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After cutbacks in defense spending during the 1990s, U.S. armed forces may find resources stretched to the limit by a new kind of wide-ranging warfare that could drag on for years.

Thirteen months after complaining that the next president would inherit "a military in decline," George W. Bush sent U.S. forces into battle.

Will that supposed decline hamper the war effort?

In the short run, it won't, according to defense contractors and analysts.

But the longer the war goes and the wider it spreads, the more likely it is that U.S. forces and their supplies will be stretched thin in the wake of cutbacks in defense funding during the 1990s.

And a widespread war against terrorism could reveal that while the U.S. military is by no means fading, it may be a bit behind the times, experts say.

America's military was built to wage two simultaneous old-style ground wars, not manhunts for terrorists.

As a result, U.S. Special Forces and other special operations units such as Delta Force and Navy SEALs -- the elite troops that likely will pursue terrorist mastermind Osama bin Laden -- might get worn down, the experts say.

There already appears to be a shortage of key spy planes. And a widespread parts shortage could be an annoyance, though not a crisis, if the war were to spread beyond Afghanistan.

"We've always worked to be prepared for a major conflict anywhere in the world," said John Williams, an analyst with the National Defense Industrial Association. "But in a conflict like this, there may be a mismatch between our resources and the mission."

That mismatch pales in comparison to the one that existed at the start of World War II, when America had to undergo a massive mobilization just to get ready to fight, Williams said.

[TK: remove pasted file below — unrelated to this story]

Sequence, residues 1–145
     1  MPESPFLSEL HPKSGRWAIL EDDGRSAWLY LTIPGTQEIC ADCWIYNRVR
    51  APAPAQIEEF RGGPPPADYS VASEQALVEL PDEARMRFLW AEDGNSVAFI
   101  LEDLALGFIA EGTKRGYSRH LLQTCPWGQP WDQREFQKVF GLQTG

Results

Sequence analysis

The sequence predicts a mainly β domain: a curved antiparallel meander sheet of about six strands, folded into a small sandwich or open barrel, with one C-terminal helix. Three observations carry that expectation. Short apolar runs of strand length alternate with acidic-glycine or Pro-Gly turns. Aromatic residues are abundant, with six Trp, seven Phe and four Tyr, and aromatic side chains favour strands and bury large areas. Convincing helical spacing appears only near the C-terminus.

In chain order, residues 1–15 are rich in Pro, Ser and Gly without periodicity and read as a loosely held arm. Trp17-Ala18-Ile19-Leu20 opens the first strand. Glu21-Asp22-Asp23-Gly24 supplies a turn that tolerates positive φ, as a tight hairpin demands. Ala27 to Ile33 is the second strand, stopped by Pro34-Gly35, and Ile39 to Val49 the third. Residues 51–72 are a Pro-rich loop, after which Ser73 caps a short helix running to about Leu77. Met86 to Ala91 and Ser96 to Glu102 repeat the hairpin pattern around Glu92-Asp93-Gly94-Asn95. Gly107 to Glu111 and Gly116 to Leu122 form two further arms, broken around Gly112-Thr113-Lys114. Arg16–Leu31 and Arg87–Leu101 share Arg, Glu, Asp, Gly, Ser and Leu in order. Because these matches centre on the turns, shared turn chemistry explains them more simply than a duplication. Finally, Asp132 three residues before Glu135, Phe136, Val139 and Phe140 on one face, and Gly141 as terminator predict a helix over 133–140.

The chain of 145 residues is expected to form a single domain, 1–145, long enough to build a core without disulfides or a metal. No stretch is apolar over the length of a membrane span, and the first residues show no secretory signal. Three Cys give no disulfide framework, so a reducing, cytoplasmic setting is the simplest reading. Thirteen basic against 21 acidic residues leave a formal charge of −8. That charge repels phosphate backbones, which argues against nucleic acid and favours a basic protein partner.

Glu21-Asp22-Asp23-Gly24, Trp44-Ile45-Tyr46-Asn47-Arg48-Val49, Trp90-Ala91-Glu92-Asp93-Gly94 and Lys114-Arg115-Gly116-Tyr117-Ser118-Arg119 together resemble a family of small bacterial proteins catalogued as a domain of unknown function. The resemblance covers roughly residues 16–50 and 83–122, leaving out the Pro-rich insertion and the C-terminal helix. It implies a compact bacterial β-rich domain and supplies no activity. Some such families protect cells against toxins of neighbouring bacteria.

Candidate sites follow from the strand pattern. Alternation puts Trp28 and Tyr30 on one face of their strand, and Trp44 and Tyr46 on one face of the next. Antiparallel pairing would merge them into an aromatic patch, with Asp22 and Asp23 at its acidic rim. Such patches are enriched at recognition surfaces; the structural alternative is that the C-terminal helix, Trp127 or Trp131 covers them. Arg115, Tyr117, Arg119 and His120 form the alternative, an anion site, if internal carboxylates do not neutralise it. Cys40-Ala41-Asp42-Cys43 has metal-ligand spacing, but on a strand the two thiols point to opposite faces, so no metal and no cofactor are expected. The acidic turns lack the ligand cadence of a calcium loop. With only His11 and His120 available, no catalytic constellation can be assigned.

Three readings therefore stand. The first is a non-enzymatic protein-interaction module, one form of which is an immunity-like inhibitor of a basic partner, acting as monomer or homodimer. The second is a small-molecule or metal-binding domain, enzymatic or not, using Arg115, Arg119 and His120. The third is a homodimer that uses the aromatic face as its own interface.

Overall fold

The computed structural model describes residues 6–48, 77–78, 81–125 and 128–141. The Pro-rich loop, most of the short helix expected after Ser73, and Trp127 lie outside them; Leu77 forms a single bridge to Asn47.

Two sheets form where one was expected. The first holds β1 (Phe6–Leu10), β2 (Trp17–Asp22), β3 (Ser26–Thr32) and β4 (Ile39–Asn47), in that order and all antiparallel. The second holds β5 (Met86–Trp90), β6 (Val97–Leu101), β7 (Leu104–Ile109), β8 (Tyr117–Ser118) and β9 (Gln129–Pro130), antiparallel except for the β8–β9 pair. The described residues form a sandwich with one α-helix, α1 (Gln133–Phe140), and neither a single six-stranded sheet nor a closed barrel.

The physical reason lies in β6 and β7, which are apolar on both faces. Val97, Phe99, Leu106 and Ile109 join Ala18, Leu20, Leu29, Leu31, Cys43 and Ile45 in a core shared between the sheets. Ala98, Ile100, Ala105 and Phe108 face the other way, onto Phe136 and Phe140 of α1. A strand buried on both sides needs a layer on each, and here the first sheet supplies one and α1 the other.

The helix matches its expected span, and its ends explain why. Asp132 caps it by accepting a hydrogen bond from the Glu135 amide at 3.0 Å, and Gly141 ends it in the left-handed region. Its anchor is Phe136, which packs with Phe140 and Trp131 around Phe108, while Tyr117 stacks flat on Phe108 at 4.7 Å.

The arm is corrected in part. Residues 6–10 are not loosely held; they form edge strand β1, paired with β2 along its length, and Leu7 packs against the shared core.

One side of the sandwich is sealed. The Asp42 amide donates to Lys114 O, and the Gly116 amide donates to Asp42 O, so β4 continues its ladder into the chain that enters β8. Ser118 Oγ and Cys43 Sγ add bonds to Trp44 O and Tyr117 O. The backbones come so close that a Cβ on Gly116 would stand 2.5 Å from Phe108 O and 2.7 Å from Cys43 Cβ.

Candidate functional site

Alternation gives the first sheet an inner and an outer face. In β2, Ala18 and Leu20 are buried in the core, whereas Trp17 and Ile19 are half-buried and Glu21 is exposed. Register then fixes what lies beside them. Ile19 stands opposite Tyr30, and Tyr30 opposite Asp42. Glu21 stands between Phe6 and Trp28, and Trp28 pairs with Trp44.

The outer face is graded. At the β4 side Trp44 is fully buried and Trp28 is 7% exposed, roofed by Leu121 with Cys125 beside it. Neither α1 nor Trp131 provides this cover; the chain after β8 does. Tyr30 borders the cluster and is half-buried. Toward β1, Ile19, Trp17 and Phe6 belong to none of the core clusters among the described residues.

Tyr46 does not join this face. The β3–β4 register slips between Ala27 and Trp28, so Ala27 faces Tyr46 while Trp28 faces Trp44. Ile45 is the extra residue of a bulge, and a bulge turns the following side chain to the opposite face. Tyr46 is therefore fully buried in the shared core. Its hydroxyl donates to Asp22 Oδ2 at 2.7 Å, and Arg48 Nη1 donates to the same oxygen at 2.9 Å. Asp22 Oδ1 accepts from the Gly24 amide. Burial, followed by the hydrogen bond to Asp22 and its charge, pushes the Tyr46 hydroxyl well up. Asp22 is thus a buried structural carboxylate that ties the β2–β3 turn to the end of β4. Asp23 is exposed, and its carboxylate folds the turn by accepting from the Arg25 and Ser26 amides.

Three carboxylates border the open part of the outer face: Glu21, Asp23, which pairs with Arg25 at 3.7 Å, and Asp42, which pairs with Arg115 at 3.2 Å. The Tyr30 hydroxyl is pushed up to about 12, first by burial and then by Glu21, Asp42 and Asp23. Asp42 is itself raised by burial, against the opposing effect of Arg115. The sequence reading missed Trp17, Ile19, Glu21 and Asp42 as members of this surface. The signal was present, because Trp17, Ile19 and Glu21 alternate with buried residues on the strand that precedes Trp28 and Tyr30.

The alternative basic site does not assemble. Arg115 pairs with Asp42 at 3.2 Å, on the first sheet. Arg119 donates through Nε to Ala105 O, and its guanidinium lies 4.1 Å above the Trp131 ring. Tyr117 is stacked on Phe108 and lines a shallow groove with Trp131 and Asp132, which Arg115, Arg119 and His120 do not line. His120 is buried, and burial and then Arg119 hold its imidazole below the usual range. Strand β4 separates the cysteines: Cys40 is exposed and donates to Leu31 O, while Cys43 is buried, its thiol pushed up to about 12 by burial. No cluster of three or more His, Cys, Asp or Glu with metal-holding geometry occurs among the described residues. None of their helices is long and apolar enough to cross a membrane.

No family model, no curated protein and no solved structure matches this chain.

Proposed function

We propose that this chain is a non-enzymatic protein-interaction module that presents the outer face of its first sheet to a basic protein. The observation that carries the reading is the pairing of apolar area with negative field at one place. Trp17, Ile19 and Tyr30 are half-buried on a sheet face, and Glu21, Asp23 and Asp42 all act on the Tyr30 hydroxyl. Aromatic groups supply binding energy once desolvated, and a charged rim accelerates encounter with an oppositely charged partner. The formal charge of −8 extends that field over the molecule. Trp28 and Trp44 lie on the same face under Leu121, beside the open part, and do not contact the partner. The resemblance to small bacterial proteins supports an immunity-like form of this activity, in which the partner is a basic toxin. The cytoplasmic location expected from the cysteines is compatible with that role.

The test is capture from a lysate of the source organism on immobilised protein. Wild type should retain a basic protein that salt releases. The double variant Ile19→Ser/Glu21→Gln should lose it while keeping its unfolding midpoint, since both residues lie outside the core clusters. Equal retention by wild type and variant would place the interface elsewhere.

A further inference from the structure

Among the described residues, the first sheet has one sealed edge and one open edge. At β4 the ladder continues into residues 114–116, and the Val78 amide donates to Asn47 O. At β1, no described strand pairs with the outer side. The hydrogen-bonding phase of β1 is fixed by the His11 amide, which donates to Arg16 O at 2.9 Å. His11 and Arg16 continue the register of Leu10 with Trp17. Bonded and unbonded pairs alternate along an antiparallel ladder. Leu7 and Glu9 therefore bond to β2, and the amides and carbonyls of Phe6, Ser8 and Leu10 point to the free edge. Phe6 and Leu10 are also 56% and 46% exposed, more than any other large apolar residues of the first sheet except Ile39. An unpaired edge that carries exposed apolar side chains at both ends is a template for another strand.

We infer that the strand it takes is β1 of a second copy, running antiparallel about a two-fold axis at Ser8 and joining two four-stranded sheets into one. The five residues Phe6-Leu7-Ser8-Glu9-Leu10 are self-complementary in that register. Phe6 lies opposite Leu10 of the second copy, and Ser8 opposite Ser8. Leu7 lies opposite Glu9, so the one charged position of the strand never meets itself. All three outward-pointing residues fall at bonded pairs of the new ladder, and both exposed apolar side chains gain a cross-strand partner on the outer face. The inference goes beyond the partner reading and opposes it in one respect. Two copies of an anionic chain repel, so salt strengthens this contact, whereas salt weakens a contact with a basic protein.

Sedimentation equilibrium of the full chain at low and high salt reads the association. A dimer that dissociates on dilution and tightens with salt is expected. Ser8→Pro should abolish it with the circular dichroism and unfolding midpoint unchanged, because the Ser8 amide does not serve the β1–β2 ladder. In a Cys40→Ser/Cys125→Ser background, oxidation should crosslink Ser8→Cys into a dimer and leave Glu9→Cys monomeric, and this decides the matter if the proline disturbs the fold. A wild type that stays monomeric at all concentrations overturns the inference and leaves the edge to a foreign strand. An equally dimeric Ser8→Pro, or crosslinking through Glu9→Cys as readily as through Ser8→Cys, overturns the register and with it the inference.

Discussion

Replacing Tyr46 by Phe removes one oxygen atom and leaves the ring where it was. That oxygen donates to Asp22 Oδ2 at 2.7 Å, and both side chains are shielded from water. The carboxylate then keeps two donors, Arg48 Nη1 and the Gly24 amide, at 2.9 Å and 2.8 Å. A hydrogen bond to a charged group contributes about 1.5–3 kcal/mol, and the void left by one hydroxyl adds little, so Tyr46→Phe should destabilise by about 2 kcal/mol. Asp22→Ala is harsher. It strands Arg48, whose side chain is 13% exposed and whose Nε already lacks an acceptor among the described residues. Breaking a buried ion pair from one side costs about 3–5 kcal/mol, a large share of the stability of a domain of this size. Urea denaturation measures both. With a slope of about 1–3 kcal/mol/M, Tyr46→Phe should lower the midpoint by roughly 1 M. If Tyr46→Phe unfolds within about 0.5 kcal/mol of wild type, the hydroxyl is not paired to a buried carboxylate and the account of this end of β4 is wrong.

Nevertheless, this new war does raise questions about the structure of the U.S. military. Most importantly, in a military of 1.4 million, only 25,000 are assigned to special operations.

As a result, those elite commando and search-and-rescue units frequently are deployed for six months at a time in some of the most dangerous and pressure-packed work in the military. Some retired officers worry about their bench strength.

"We probably need more of them, because the ones we have now are running ragged," said Jay Farrar, a former Marine lieutenant colonel who analyzes military strength for the right-leaning Center for Strategic and International Studies. "We're deploying them beyond the optimum."

Analysts cite many reasons for the small number of special operations personnel. Few people can succeed as a Green Beret or a Navy SEAL. It's tough, specialized work that requires a rare combination of fitness and fearlessness. Besides, there traditionally has been a greater need for vast Army divisions and Air Force squadrons.

Now, though, only one of the nation's 10 Army divisions is deployed in the war on terrorism, and that division will likely support special operations.

Chris Hellman, senior analyst with the left-leaning Center for Defense Information, foresees Fort Drum's 10th Mountain Division drawing perimeters of protection around commando units whose mission is to storm terrorist sites and lay waste to anyone in them.

Only time will tell whether such tactics will work, and whether there are enough special operations troops to do the job.

"We'll be relying on the smallest, most agile units, and there aren't that many of those," Hellman said.

Over the long term, many experts expect the Pentagon to push for an expansion of special operations units as part of a restructuring of the U.S. military. In fact, upon taking office in January, Defense Secretary Donald H. Rumsfeld pushed for such a restructuring, which would involve base closures.